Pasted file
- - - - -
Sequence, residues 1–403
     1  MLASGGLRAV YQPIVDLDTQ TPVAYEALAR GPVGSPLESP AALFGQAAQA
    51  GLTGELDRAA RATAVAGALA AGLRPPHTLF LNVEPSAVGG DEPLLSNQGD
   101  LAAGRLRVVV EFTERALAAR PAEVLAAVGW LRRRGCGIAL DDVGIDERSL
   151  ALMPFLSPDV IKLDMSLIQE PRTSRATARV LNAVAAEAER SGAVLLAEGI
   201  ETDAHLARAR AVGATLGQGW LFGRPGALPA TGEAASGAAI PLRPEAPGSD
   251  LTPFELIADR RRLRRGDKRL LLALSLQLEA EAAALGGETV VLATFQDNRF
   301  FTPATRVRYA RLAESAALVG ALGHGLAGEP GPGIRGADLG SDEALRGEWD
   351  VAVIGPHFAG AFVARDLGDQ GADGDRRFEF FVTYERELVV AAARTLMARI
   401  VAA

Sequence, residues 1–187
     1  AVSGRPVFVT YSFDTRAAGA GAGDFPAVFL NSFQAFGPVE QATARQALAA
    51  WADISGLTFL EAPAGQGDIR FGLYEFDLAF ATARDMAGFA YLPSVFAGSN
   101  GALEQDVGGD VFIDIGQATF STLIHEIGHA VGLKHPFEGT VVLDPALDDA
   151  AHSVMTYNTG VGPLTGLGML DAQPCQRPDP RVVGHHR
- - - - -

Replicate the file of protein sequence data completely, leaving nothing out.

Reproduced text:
Sequence, residues 1–403
     1  MLASGGLRAV YQPIVDLDTQ TPVAYEALAR GPVGSPLESP AALFGQAAQA
    51  GLTGELDRAA RATAVAGALA AGLRPPHTLF LNVEPSAVGG DEPLLSNQGD
   101  LAAGRLRVVV EFTERALAAR PAEVLAAVGW LRRRGCGIAL DDVGIDERSL
   151  ALMPFLSPDV IKLDMSLIQE PRTSRATARV LNAVAAEAER SGAVLLAEGI
   201  ETDAHLARAR AVGATLGQGW LFGRPGALPA TGEAASGAAI PLRPEAPGSD
   251  LTPFELIADR RRLRRGDKRL LLALSLQLEA EAAALGGETV VLATFQDNRF
   301  FTPATRVRYA RLAESAALVG ALGHGLAGEP GPGIRGADLG SDEALRGEWD
   351  VAVIGPHFAG AFVARDLGDQ GADGDRRFEF FVTYERELVV AAARTLMARI
   401  VAA

Sequence, residues 1–187
     1  AVSGRPVFVT YSFDTRAAGA GAGDFPAVFL NSFQAFGPVE QATARQALAA
    51  WADISGLTFL EAPAGQGDIR FGLYEFDLAF ATARDMAGFA YLPSVFAGSN
   101  GALEQDVGGD VFIDIGQATF STLIHEIGHA VGLKHPFEGT VVLDPALDDA
   151  AHSVMTYNTG VGPLTGLGML DAQPCQRPDP RVVGHHR